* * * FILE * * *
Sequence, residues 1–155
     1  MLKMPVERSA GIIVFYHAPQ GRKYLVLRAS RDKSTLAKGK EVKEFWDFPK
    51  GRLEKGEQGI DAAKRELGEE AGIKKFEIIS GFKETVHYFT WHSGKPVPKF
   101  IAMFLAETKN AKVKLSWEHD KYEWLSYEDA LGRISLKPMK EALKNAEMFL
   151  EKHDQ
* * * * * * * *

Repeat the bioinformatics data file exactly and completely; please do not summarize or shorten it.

Sequence, residues 1–155
     1  MLKMPVERSA GIIVFYHAPQ GRKYLVLRAS RDKSTLAKGK EVKEFWDFPK
    51  GRLEKGEQGI DAAKRELGEE AGIKKFEIIS GFKETVHYFT WHSGKPVPKF
   101  IAMFLAETKN AKVKLSWEHD KYEWLSYEDA LGRISLKPMK EALKNAEMFL
   151  EKHDQ